SCCA employs UW model to tend to cancer patients’ emotions
There is no universal response to a cancer diagnosis. Whether a patient is old, young, stage I or stage IV, everyone has a unique emotional reaction. Unfortunately, many patients are never able to sit down with someone who understands their struggle and work through these emotions.
“Nobody’s treating your soul,” said Ruth Kaminski, a survivor of breast cancer.
The Integrated Psychosocial Oncology Program at Seattle Cancer Care Alliance is one of the few cancer treatment programs nationwide that integrates mental health care into patients’ treatment. The SCCA comprises research teams and cancer specialists from UW Medicine, Fred Hutch and Seattle Children's.
The program, led by UW Medicine psychiatrist Dr. Jesse Fann, entails a Collaborative Care model developed at the UW: A social worker in the oncology clinic works with providers in oncology, primary care, and psychosocial health to meet each patient’s individual needs. The mental health care is conveniently available at SCCA.
For Kaminski, being diagnosed with cancer led to a struggle with depression and anxiety that steadily spiraled downward. In order to protect her family and friends, she kept up a brave front. But without someone to speak freely with who understood her fears and frustrations, the burden became too heavy to bear.
“I was the clown, laughing and joking with everyone at my treatments and appointments, but crying in the shower every morning and crying after my treatment until my husband came home and I put on a happy face again. I didn’t know I was in trouble until I was really, really in trouble.”
Deborah Przekop’s experience was different. When she was diagnosed with non-Hodgkin’s lymphoma, she knew she would need mental health care because she had dealt with depression throughout her life. Her experience prompted her to seek help immediately after her diagnosis.
Nearly half of all patients diagnosed with cancer experience significant emotional or psychological distress, yet research shows that the majority do not receive adequate care, if any.
“Emotional and psychological distress can have major adverse effects, not just on quality of life but on other symptoms,” Fann said. “For example, people who are depressed experience greater pain, greater fatigue, more sleep problems. Unfortunately, many people don’t seek help due to a perceived stigma or fear that doing so will mean they are weak or giving up.”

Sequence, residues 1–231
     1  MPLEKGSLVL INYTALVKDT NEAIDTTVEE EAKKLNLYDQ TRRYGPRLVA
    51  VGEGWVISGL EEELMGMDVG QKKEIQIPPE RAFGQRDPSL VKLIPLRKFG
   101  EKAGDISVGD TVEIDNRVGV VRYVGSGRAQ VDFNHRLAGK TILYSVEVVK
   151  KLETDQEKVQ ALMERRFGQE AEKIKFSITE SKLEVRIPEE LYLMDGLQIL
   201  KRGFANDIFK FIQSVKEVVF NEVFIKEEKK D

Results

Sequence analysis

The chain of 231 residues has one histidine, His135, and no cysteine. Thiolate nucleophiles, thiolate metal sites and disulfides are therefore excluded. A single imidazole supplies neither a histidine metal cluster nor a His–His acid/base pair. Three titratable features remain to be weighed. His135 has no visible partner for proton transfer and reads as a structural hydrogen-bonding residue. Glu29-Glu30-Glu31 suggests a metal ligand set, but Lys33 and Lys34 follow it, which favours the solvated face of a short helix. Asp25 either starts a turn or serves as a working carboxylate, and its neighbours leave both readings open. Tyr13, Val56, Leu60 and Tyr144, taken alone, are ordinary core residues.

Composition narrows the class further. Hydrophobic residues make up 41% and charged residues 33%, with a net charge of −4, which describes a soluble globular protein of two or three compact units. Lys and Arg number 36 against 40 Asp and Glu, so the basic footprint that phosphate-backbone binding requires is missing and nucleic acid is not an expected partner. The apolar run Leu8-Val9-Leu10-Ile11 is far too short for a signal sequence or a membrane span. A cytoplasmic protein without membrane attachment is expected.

For both Przekop and Kaminski, mental health treatment was vital to their overall care. “A mental health specialist should be part of every cancer patient’s initial team,” Kaminski said. “They should have help before they even know they need it.”
Fann and his colleagues in the program help patients work through varied and complex emotions. Hopelessness and fear of stigma, for instance, can lead patients to put off follow-ups and treatment referrals.
The Collaborative Care model has been studied extensively at the UW and is increasingly implemented throughout the United States and internationally. Research shows it is highly effective in treating depression, anxiety, and other mental health issues. The SCCA is the first to implement the model in a cancer-treatment setting.
“A unique feature of our program is our ability to adapt to the needs of our patients and the changing healthcare landscape in a very efficient way,” Fann said. “Our team meets regularly to share ideas and to make sure that every patient is getting the help that they need while going through their cancer treatment.”
Przekop volunteers at SCCA and is working to ensure patients are immediately aware of the mental health care option.
“Dr. Fann’s program is number one on my list to tell new patients about,” she said.